Al Letson: Oleg was charged with lighting a fire at the door of a political office in Crimea and for plotting to blow up a Lenin statue. He says he didn't do those things. When he appeared in a Moscow courtroom, supporters applauded him. Putin has dismissed any suggestion that Sentsov was arrested for his politics.

 

Vladimir Putin: [Russian 00:06:34] ...

 

Speaker 10: This doesn't have anything to do with his positions. This doesn't have anything to do with his views on what happened in Crimea.

 

Vladimir Putin: [Russian 00:06:47] ...

 

Speaker 10: The point is his involvement in preparing for illegal activities which could harm our country's citizens.

 

Vladimir Putin: [Russian 00:06:56].

 

Al Letson: Oleg's supporters have protested in a dozen cities. Stephen King called for his release on Twitter, and at the G7 meeting in Canada, right before the World Cup, European Council President Donald Tusk called for attention to Oleg.

 

Donald Tusk: I want to make an important appeal in the case of Oleg Sentsov. Our solidarity can save his life.

 

Al Letson: Was that a big win for you guys to hear that coming from that high up?

 

Masha Alyokhina: Well, any words and any actions are important, of course, but this should be repeated as many times as he will be free.

 

Al Letson: You're basically saying that we have to keep hearing this message. It's not good enough for just him to say it.

 

Masha Alyokhina: There is always not enough while he will be not free, because I know that words can really change the situation, change the world.

 

Al Letson: So I want to play a clip of President Donald Trump and what he has to say about Russia while he was at the G7.

 

Donald Trump: You know, whether you like it or not — and it may not be politically correct — but we have a world to run, and in the G7, which used to be the G8, they threw Russia out. They should let Russia come back in.

 

Al Letson: What's your reaction that when you heard Trump saying that?

 

Masha Alyokhina: He didn't talk about the reasons, about why it happened. He's not talking why Russia had excluded from there, and this is stupid. Donald Trump as the President of United States should know the situation in the country with which he's going to work.

 

Al Letson: Oleg's supporters were angry that Trump seemed to be taking international pressure off Putin. At the same time, the U.S. State Department was saying Oleg should be released. I asked Masha how she made sense of this mix.

 

You've got two different statements coming out from the Trump Administration. You've got that clip that I just played for you where Donald Trump says that Russia should be let back in, but then the U.S. State Department has tweeted out and put out a statement saying that they think that Sentsov and other political prisoners should be released immediately. So how do you take in those two sides, that duality there?

 

Masha Alyokhina: Well, United States has democracy. That's why they have two different statements from the Department and from Donald Trump. This is the first thing. Second is I really do not think that Donald Trump cares about political prisoners and political repressions.

 

Al Letson: Pussy Riot has criticized Donald Trump in the past, accusing him of autocratic tendencies. They used their trademark extreme performance art to make a music video when he was a Presidential candidate.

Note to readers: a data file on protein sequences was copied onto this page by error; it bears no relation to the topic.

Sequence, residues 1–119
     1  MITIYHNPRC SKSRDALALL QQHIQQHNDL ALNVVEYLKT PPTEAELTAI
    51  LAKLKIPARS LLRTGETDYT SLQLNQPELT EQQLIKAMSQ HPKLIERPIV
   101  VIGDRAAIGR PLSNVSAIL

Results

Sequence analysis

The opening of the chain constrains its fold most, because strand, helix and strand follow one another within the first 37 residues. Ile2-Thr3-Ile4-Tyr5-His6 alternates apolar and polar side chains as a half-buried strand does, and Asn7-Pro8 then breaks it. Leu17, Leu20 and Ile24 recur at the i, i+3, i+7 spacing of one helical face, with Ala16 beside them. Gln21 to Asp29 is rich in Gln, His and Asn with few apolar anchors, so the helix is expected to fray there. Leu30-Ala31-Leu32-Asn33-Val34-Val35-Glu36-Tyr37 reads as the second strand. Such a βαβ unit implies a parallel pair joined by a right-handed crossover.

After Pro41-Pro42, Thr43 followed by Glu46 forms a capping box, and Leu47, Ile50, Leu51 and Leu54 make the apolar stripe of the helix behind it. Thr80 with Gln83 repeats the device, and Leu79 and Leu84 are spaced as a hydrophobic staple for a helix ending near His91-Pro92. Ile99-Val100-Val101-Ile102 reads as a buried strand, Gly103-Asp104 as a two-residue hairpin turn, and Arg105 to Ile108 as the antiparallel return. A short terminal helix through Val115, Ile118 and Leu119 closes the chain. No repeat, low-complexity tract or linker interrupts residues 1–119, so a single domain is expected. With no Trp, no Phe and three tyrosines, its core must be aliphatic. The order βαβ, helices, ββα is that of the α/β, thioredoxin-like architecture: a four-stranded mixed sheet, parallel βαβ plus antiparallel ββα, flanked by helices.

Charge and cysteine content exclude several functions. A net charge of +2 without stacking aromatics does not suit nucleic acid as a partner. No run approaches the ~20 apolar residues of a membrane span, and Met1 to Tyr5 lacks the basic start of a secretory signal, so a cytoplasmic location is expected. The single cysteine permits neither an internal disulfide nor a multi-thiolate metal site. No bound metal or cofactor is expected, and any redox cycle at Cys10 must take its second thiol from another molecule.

Speaker 13: Burn them!

 

Al Letson: This video is brutal. Burly cops in orange wigs haul a young woman in, harass hit her, and brand her.

 

(singing).

 

The disturbing violence plays against a Brazilian beat.

 

(singing).

 

More recently, Masha has brought her confrontational art to the West in a play called "Burning Doors." It portrays the physical and psychological trauma she, Oleg, and other artists experienced in Russian prison. I asked Masha why she believes Putin feels so threatened by musicians and artists who are critical of him.

 

Masha Alyokhina: Because, well, art make a big influence. Art can change the mind. And also, Putin put pressure not only to the artists but for all the people who are not agree with this ... with his direction, let's say, political direction, and who are in the position. All the people. Oppositional politicians, activists, artists.

 

Al Letson: Are you going to protest, and are you prepared to go back to prison for protesting in Russia?

 

Masha Alyokhina: So we've been arrested in the April of this year because we were throwing paper planes to the building of Russian Security Service, FSB. So 12 people spent 48 hours in the police cage together and without any, I don't know, lawyers and so on. So I'm doing what I'm doing as before. But this is a question of all of us. This is not possible to give a responsibility of fighting for freedom to somebody. This is what we should all do. Otherwise, these words like freedom will just lose its sense.

 

Al Letson: Do you think the international pressure is going to work at this point?

 

Masha Alyokhina: Yes, I believe. I believe yes, because in our case that worked.

 

Al Letson: We're halfway through the World Cup this week, and Oleg Sentsov is more than six weeks into his hunger strike. We talked to Masha Alyokhina from Toronto, where she's performing the play "Burning Doors." We've been covering Russia and Putin for a while. You can hear the inside story of how Putin and his government use anti-gay propaganda to build political support on our show "Russia's New Scapegoats." It's on our website and wherever you get your podcasts.

 

Emily Harris and David Ritsher produced today's show with help from Matt Smith. It was edited by Kevin Sullivan, who is also our executive producer. Many thanks to our sound design team, the dynamic duo: "J-Breezy," Mr. Jim Briggs, and Fernando "My Man, Yo," Arruda. Our acting CEO is Christa Scharfenberg. Amy Pyle is our editor-in-chief. Our theme music is by Camerado-Lightning.

 

Support for Reveal is provided by the Reva and David Logan Foundation, the John D. and Catherine T. MacArthur Foundation, the Jonathan Logan Family Foundation, the Ford Foundation, the Heising-Simons Foundation, and the Ethics and Excellence in Journalism Foundation. Reveal is a co-production of the Center for Investigative Reporting and PRX.

 

I'm Al Letson, and remember, there is always more to the story.

 

Speaker 14: From PRX. From PRX.